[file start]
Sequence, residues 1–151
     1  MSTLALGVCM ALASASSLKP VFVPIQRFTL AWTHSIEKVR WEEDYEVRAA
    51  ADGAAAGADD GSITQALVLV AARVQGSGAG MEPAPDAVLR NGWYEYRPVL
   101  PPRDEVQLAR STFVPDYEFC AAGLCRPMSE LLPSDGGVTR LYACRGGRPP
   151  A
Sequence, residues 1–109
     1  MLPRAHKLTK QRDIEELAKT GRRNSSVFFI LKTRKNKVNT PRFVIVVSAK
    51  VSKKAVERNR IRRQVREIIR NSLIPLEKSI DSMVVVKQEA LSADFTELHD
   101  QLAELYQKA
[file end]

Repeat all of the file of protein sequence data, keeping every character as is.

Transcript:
Sequence, residues 1–151
     1  MSTLALGVCM ALASASSLKP VFVPIQRFTL AWTHSIEKVR WEEDYEVRAA
    51  ADGAAAGADD GSITQALVLV AARVQGSGAG MEPAPDAVLR NGWYEYRPVL
   101  PPRDEVQLAR STFVPDYEFC AAGLCRPMSE LLPSDGGVTR LYACRGGRPP
   151  A
Sequence, residues 1–109
     1  MLPRAHKLTK QRDIEELAKT GRRNSSVFFI LKTRKNKVNT PRFVIVVSAK
    51  VSKKAVERNR IRRQVREIIR NSLIPLEKSI DSMVVVKQEA LSADFTELHD
   101  QLAELYQKA